I don't want to prejudge how the military judges will use this information. But the individuals will have the right to hear and address all of the evidence against them. They can't be tried outside of their presence. If they assert that they have been tortured, [if] there have been coercive techniques used against them, then the information may not be admitted unless the judge determines it would be fair, reliable, in the interests of justice to admit the information.

So coercive evidence may be admitted?
Well in British or U.S. courts, coercive evidence can be admitted depending on the level of coercion. There's not a flat statutory bar in a British court or an American court, because if a defendant comes along and says, "Look, they interrogated me for six hours every day,” the judge will probably determine, "Well, you know, a lot of people get questioned for six hours a day. I'm going to admit that." On the other hand, if someone says, "They beat me up every day, beat me into a pulp," the judge probably will determine that that is inherently coercive. What is required, at least in the United States, is that the judge determines; they listen to what they have to say as to whether or not the treatment was acceptable; and that's exactly what will happen in the military commissions.

There has been a lot of reporting about the methods used at Guantanamo, such as sleep deprivation, detainees being subjected to extreme hot and cold temperatures; the use of muzzled dogs. Are you suggesting that statements obtained using those kinds of methods would be acceptable?
I'm not suggesting that at all. I am not prejudging at all what a judge may or may not accept. He may well determine that any particular method is in fact coercive. All I'm saying is that there is not a flat prohibition on the use of coerced evidence -- but nor should there be. It would be impossible to police. If one had a flat bar on coerced evidence, every detainee would say that his statement has been coerced. The judge is not then going say, "OK, fine, out you go." The judge is going to say, "OK, so what happened to you? What was so coercive about it?"  The judge is still going to have to go through essentially a fact-finding decision to determine whether this was real coercion or alleged coercion. In the end it is all going to come down to whether the military judge determines whether the treatment of the individual was fair or reliable to allow it to be admitted.

In the rendition program, when you send someone to another country, what kind of assurances do you ask of that country?
I think there is an assumption that we have simply locked people up and are not doing anything about it. It's a bit like the duck's feet underwater -- there's a lot of paddling going on. We are in negotiations with dozens of countries around the world trying to get back their nationals. Since most of the prisoners in Guantanamo came from countries in the near east or Middle East, there are questions about returns to those countries. We have been negotiating for months, sometimes years, hard and fast assurances as to how they will be treated so they will not be mistreated when they go back. We try to get them in writing; we try to get them from a high level of government; and try to get them to be very specific; and we try to get them not just from the Foreign Ministry but from the ministry that will actually take responsibility for them.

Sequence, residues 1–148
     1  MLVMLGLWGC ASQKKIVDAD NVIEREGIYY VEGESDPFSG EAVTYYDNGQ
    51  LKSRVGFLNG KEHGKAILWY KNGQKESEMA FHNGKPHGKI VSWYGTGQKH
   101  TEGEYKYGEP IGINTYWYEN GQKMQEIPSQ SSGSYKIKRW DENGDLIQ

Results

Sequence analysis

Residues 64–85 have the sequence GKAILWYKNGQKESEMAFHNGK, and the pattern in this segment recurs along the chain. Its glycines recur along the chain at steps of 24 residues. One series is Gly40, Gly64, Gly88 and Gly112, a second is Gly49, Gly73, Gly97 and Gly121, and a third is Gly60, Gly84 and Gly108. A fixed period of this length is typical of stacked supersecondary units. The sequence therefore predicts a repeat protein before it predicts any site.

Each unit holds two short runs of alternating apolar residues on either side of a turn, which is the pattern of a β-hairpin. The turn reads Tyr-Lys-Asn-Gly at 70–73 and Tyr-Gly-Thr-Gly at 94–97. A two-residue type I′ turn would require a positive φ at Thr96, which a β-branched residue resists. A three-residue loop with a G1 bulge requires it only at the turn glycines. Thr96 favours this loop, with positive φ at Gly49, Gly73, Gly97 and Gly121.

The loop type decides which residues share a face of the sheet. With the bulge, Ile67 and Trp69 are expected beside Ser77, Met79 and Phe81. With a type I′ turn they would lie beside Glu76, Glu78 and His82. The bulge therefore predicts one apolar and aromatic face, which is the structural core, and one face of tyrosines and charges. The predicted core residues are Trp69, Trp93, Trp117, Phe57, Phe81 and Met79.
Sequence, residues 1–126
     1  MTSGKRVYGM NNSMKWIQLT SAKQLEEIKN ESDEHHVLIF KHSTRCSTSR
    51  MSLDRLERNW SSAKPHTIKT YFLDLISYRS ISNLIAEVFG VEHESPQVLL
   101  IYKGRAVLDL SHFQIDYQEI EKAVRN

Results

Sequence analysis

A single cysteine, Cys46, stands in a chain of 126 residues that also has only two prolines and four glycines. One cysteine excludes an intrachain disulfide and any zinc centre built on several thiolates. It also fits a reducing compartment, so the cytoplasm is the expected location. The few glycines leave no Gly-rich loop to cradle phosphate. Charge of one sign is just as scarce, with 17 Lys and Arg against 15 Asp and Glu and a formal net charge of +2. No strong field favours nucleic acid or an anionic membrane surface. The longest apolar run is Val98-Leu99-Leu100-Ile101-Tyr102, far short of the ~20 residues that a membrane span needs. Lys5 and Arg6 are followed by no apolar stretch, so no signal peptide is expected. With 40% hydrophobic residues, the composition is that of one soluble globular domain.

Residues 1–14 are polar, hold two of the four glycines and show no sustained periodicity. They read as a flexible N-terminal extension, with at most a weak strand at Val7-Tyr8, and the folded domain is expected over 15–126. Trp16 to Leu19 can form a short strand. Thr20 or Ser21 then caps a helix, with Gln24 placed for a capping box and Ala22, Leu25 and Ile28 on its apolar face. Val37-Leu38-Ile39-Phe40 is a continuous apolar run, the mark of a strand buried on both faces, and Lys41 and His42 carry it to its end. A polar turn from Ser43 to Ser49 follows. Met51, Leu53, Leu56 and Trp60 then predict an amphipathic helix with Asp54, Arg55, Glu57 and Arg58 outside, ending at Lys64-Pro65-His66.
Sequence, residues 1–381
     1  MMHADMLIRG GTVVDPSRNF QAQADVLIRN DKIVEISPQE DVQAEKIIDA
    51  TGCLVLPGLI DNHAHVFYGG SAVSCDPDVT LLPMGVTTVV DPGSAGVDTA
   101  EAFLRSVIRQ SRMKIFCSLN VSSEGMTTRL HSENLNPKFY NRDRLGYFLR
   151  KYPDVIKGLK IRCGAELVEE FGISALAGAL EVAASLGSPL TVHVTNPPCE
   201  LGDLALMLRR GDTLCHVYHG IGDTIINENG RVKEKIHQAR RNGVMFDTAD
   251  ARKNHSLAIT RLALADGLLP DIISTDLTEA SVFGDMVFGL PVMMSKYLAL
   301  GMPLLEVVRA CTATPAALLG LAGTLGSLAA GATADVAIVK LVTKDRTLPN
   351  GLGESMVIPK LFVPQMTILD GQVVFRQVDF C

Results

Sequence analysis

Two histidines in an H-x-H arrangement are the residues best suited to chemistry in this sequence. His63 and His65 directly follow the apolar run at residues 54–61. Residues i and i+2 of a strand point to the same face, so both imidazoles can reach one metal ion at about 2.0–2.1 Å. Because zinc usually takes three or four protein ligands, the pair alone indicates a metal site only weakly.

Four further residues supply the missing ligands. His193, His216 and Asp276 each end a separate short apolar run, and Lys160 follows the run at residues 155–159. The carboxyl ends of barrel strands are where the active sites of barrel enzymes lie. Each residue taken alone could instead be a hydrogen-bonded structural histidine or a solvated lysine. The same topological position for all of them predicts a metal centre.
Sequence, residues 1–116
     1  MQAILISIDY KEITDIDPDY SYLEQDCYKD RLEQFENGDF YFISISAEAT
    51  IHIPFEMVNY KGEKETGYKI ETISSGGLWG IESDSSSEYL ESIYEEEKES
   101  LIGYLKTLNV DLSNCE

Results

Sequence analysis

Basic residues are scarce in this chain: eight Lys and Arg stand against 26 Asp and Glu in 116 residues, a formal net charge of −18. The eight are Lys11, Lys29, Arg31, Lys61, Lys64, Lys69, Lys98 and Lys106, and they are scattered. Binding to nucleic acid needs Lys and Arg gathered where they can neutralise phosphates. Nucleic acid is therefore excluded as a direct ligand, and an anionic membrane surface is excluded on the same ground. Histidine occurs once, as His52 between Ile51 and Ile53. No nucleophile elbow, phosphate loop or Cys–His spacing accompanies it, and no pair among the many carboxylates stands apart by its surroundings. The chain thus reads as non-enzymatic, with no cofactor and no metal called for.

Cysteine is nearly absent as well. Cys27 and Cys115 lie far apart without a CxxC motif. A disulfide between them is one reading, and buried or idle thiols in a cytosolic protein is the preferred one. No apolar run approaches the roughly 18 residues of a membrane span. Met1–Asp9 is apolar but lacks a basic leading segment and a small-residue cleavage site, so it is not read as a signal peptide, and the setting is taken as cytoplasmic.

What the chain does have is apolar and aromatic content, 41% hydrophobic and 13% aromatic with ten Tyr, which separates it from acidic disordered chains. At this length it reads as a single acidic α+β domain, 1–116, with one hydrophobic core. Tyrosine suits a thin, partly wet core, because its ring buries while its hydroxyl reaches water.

Is this just that they won't be tortured? What level of commitment is this?
The legal requirement under the Convention Against Torture [Act] is that they not be returned to a country where it is more likely than not that they will be tortured. And we require countries that we return individuals from Guantanamo to that they assure us that they will comply with that obligation. Sometimes countries don't want to be specific about that. They will simply say, "Don't worry, we will appropriately treat that individual under our laws." One reason that there are so many people left in Guantanamo is that we are reluctant to turn people over to those countries unless we can get very specific human rights assurances. So we are really caught between a rock and a hard place -- we get bashed by our critics for keeping them in Guantanamo; and we get bashed by our critics for returning these people to the countries they came from.

Michael Scheuer [former CIA head of the Bin Laden task force] who set up those renditions has said, “The only good assumption was that they would be tortured."
I can't vouch for what was in Scheuer's mind. Certainly in recent years, the lawyers and officials at the CIA have taken their responsibilities extremely seriously, so that for any transfer of an individual to another country, they get the appropriate assurances. It would be a violation of the law. It is not appropriate and lawful to transfer an individual to a country with the expectation that they will be tortured. That has not been the purpose of the United States in transfers of any individual to any other country, and that's why we've been getting assurances.

You've been doing this since 1995. Do you follow what's happened? Do you have any assurance that places like Egypt, Morocco, etc., have been doing what they assure you they will do?